New Rules for Corporate Class Mutual Funds and How They Affect You
At the beginning of the year, we hosted round table discussions to help you set your planning agenda for 2016. We discussed income tax changes being implemented by the federal Department of Finance and the potential impact on investment planning.
With the change in tax rules, it is more important than ever to think strategically about the type of income you will earn on your investments and to then position your portfolio accordingly. Initially, the government intended to change the tax treatment of corporate class mutual funds effective September 30, 2016. They have since extended the deadline to January 1, 2017 – a welcome reprieve in a year of many changes in the financial sector.
Tax Treatment of Income Earned on Your Investments
You are aware that interest, dividends, and capital gains all receive different tax treatments. Interest earned in non-registered accounts is treated the same as employment income. For example, if your combined federal and provincial marginal tax rate is 37.90%, you pay 37.90% tax on all interest earned.
Capital gains are treated differently. A capital gain happens when you sell or transfer capital property, such as stocks, mutual funds or real estate at a price higher than you paid. For example, if you bought $10,000 of units of Investment Fund A and sold those units two years later for $15,000, you have a capital gain of $5,000. Although there are a few exceptions, in most cases this gain is taxable, but you only have to declare for tax purposes only 50% of the actual gain. In this case, you pay tax on the $2,500, not the entire $5,000. The result is you pay less tax on capital gains than on interest.
In the chart below, you can see that if you are a Manitoba resident and your taxable income in 2016 will be between $67,000 and $90,563, it will be more tax efficient if you earn capital gains (18.95% marginal tax) rather than eligible Canadian dividends (20.53% marginal tax).
Manitoba Personal Income Tax Brackets and Tax Rates
For investors who use mutual funds, one way to reduce the tax burden is to invest non-registered money in investment funds that are held within a corporate class structure. Mutual funds can be organized as trusts or corporations.
Historically, corporate class mutual funds have had two main benefits:
- Less investment income to be reported annually as taxable income. This is because corporate class funds usually reinvest their interest and dividend income or use this income to pay fund expenses.
- No capital gain or loss triggered as a result of switches between different fund classes within the corporation. For example, if you have money invested in class A units of Corporate Fund X, at this time you can switch some or all of that money to class B units of Corporate Fund X without triggering a taxable gain or loss.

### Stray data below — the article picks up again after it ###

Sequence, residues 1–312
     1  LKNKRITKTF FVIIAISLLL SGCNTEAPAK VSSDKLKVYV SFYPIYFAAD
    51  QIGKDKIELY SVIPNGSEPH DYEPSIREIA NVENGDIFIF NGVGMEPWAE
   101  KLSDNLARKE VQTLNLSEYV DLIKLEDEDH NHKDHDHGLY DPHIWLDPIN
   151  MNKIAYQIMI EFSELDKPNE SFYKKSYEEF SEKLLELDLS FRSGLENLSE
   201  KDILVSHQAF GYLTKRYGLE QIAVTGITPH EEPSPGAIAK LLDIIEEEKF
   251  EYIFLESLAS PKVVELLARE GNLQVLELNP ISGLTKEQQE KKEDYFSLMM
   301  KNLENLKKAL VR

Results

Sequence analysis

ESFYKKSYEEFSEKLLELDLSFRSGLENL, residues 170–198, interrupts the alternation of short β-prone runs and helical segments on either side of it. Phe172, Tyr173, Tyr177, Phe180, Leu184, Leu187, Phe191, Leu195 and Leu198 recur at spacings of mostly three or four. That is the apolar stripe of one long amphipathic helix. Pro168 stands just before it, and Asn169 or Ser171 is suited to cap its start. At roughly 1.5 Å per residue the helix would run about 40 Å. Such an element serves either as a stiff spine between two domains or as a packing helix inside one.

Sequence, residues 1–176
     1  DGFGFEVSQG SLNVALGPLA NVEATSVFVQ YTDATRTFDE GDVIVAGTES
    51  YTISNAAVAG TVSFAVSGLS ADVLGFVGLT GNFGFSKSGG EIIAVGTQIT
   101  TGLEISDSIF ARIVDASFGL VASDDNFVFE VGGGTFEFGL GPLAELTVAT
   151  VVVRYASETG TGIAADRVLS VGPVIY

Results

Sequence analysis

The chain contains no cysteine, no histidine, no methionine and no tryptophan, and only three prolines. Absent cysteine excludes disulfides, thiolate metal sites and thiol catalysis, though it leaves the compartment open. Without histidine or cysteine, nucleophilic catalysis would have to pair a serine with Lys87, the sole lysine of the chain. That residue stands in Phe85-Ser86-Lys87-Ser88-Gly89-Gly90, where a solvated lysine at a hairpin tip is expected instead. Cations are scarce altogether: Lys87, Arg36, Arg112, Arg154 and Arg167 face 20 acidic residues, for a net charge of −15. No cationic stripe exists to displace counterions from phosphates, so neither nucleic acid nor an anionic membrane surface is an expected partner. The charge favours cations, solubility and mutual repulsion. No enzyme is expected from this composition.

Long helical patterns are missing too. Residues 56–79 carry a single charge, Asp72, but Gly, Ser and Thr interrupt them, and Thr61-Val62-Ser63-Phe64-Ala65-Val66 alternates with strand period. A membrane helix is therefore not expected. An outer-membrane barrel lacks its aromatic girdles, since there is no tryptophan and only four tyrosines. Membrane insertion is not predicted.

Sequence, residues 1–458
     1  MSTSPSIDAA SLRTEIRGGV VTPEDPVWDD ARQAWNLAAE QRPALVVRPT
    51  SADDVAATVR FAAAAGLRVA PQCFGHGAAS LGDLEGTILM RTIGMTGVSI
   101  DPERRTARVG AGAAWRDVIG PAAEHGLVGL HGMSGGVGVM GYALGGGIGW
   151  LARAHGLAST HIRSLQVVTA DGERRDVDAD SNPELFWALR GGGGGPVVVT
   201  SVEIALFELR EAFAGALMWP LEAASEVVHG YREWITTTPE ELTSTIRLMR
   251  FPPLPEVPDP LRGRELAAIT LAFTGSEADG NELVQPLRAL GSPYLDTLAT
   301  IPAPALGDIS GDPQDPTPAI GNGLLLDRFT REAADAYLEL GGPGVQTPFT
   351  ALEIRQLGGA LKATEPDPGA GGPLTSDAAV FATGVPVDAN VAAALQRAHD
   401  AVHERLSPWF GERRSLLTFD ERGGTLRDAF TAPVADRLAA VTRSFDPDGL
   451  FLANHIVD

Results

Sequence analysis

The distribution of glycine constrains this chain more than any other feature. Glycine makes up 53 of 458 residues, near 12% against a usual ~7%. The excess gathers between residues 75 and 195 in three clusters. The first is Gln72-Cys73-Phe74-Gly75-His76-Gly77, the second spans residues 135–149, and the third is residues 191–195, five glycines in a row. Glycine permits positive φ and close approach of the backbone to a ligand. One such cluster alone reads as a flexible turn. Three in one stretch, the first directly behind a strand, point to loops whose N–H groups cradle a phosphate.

If you would like more information about capital gains and how they are calculated, visit CRA’s website: http://www.cra-arc.gc.ca/capitalgains/
Changes to Tax Treatment of Corporate Class Mutual Funds
The federal government has decided switching between different classes within the same mutual fund corporation will now be considered a taxable event. If you have a gain in class A fund, and you want to rebalance your portfolio by moving some of this money to class B, you will have to declare that capital gain.
Originally, this change was to take effect in October 2016. The federal government has moved the date to January 1, 2017. The old rules still apply for the remainder of this year.
There will only be two exceptions to this new rule. If the change in class happens because the fund itself restructures and converts all class A shares to class B, there is no tax implication for the investor. Also, if you move from the same class of fund but into a different series, there is no tax implication. The difference between one series and the next is usually the fee structure. The government won’t penalize investors for trying to have the exact same funds at a lower fee.
According to the Globe and Mail, “Approximately $120 billion of industry assets under management (AUM) are in corporate class funds, representing 10% of total mutual fund assets in Canada.” Therefore, many people will be affected by this change.
Review Your Non-Registered Investments with Your Advisor Before December 31, 2016
While corporate class funds still offer the advantage of using interest or dividends to offset fund expenses, you won’t be able to rebalance your portfolio free of tax implications come 2017. It will be critical for you and your advisor to review your non-registered investment funds so you can make appropriate changes before the new legislation comes into effect. In light of this change, you will need to think more strategically about how to construct your non-registered portfolio and how to manage it tax efficiently.
We’ve been working hard over the past few months to evaluate the great number of changes that investment firms have been making in their offerings. In studying these trends we’ve been able to confirm strategies that will enable you to position well for the years ahead. If you have non-registered investments, please contact us to schedule an appointment before the end of the year.
The information in this commentary is for informational purposes only and not meant to be personalized investment advice. The content has been prepared by Jan Fraser, Life Aligned Investing of Aligned Capital Partners Inc. (ACPI) from sources believed to be accurate. The opinions expressed are those of the author and do not necessarily represent those of ACPI.